Terry and Jennifer Graham are the owners of a property located approximately 5km east of Tyalgum. The property is a dedicated wildlife sanctuary also used for wildlife rehabilitation and the release of rehabilitated animals (koalas, wallabies and pademelons), and it is Terry and Jennifer’s intent for the property to continue in these purposes. The sanctuary is also a member of the Land for Wildlife program, and shares part of a boundary with Wollumbin National Park.
The property covers approximately 8.5 hectares with an ephemeral gully running along the eastern boundary and several small gullies draining the western hillside, and merging with the main gully before flowing through a culvert under Tyalgum Road. The geology of the property is classified in ‘Soil landscapes of the Murwillumbah-Tweed Heads 1:100 000 Map Sheet’ (Morand, Department of Conservation and Land Management, 1996) as Frogs Hollow, part of the igneous Chillingham volcanic group. It consists of brown earths and brown podzolic soils on upper slopes and well-drained, red podzolic soils and red clays elsewhere.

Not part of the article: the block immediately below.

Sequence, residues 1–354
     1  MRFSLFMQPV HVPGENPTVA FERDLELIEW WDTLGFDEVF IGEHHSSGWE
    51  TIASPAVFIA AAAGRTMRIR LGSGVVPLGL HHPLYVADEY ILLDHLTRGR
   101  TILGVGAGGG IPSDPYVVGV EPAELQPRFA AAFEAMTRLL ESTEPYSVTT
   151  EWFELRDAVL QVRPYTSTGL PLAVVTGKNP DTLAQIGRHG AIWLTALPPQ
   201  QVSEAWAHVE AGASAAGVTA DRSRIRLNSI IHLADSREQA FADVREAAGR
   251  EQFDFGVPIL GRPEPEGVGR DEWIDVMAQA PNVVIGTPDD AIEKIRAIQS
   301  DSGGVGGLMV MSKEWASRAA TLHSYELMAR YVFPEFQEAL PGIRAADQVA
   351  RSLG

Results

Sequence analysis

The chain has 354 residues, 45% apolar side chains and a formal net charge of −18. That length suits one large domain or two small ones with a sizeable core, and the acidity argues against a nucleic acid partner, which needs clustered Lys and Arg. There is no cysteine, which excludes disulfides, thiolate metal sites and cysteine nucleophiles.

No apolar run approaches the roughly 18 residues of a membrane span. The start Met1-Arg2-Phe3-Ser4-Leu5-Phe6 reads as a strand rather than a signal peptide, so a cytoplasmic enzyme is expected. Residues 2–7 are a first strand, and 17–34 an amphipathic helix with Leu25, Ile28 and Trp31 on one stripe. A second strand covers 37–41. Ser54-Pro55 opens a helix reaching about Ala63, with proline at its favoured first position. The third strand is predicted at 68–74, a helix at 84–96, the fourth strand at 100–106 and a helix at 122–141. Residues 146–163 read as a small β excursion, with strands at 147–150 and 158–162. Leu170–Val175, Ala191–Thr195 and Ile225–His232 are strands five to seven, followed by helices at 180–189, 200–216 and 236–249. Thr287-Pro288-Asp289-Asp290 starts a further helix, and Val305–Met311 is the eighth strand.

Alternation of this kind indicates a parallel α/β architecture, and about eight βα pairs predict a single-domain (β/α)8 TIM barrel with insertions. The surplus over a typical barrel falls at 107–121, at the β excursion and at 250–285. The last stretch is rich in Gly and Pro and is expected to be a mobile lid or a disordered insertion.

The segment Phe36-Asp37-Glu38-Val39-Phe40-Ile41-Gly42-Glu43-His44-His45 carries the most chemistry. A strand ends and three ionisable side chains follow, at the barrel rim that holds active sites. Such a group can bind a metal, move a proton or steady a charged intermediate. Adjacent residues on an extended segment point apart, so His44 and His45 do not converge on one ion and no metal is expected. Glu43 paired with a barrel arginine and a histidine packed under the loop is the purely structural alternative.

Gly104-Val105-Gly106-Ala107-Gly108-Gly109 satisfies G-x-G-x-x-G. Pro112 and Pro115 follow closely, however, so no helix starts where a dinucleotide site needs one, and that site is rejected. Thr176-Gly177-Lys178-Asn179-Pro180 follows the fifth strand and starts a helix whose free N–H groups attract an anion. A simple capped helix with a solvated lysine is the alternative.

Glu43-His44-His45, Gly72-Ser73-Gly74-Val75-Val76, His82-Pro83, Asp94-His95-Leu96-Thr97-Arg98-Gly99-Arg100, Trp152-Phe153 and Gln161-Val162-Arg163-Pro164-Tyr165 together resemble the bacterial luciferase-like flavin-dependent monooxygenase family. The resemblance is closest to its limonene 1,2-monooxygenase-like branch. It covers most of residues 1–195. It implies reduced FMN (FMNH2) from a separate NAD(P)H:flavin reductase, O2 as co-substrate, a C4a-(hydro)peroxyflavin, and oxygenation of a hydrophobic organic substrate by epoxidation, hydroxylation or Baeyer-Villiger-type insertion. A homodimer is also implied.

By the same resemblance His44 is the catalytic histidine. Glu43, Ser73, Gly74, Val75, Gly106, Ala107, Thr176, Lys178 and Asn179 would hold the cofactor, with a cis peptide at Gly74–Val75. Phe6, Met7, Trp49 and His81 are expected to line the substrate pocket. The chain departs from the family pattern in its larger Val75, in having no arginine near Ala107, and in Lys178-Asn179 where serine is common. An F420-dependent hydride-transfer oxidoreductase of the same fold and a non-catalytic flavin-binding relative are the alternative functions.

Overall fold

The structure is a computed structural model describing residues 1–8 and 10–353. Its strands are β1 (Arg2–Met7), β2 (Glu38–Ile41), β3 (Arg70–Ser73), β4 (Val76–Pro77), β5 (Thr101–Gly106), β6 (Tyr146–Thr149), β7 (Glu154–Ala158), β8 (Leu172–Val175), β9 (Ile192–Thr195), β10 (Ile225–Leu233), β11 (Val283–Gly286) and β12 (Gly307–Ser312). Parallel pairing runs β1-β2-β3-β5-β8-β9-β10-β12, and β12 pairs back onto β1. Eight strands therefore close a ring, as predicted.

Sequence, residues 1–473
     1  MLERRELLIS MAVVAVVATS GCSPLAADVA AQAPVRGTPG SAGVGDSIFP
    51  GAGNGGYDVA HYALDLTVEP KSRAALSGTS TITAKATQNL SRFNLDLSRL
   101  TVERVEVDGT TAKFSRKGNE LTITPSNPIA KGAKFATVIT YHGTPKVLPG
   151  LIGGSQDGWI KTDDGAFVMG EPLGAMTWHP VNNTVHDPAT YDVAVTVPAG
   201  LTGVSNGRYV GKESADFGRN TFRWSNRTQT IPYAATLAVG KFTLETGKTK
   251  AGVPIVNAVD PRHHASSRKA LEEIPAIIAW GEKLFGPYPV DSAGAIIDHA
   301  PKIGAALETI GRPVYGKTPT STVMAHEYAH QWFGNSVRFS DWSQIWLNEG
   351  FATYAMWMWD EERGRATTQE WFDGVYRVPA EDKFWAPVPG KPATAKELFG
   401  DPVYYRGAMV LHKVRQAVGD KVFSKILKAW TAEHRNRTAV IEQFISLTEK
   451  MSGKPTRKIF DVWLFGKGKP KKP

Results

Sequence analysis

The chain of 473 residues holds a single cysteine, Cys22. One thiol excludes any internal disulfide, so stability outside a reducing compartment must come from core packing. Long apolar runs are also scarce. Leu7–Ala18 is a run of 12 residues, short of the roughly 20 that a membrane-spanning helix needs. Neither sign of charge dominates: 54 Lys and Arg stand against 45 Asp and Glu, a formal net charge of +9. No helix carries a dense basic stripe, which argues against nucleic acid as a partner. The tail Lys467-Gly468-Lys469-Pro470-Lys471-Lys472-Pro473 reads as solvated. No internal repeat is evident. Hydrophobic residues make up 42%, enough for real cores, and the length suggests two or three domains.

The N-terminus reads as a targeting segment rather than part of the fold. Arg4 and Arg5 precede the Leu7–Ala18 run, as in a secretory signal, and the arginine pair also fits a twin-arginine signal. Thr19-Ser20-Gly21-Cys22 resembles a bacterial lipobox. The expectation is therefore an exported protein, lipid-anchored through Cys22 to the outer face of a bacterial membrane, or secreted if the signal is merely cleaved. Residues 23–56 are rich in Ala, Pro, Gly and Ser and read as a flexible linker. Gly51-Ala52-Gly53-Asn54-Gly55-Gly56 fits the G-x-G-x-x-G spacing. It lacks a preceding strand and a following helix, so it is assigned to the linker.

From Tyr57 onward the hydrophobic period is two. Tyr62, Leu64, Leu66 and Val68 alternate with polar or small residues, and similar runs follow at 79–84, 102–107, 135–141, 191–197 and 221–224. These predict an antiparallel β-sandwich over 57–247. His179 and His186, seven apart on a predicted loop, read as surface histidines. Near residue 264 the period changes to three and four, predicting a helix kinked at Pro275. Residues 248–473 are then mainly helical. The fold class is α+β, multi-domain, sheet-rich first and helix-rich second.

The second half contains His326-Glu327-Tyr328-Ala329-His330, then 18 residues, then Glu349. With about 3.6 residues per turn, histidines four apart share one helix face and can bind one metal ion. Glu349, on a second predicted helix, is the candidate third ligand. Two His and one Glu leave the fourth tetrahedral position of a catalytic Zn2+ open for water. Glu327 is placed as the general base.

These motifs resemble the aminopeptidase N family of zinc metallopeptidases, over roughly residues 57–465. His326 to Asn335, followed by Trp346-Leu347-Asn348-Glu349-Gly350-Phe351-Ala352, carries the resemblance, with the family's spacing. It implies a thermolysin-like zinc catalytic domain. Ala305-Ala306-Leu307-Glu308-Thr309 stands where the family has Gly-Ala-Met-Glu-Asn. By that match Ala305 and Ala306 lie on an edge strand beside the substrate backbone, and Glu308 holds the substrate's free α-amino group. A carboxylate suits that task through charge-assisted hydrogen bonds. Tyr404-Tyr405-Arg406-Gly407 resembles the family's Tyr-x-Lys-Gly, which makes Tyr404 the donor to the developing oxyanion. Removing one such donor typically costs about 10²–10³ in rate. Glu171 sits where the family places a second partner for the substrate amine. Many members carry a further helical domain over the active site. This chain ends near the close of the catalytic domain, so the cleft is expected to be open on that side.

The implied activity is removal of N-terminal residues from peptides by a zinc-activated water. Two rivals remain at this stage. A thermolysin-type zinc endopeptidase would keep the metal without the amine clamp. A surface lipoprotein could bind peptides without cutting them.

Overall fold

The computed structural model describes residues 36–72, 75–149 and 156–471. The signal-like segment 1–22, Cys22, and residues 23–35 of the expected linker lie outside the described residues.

The sanctuary is comprised of two distinct vegetation communities with grey ironbark (Eucalyptus paniculata), white mahogany (Eucalyptus acmenoides) and grey gum (Eucalyptus punctata) open forest dominating on the western side of the sanctuary and brush-box (Lophostemon confertus) open forest located in the south-western corner. In addition, a river she-oak (Casuarina cunninghamiana) forest occupies a small area adjacent to Tyalgum Road.
Wildlife species known to inhabit the sanctuary include koalas (Phascolarctos cinereus), swamp wallabies (Wallabia bicolour), red-necked pademelons (Thylogale thetis), long-nosed (Perameles nasuta) and northern brown (Isoodon macrourus) bandicoots, short-beaked echidnas (Tachyglossus acleatus), squirrel (Petaurus norfolcensis) and sugar (Petaurus breviceps) gliders, various species of snakes and a variety of birds including Wompoo fruit doves (Ptilinopus magnificus) and regent (Sericulus chrysocephalus) and satin (Ptilonorhynchus violaceus) bowerbirds.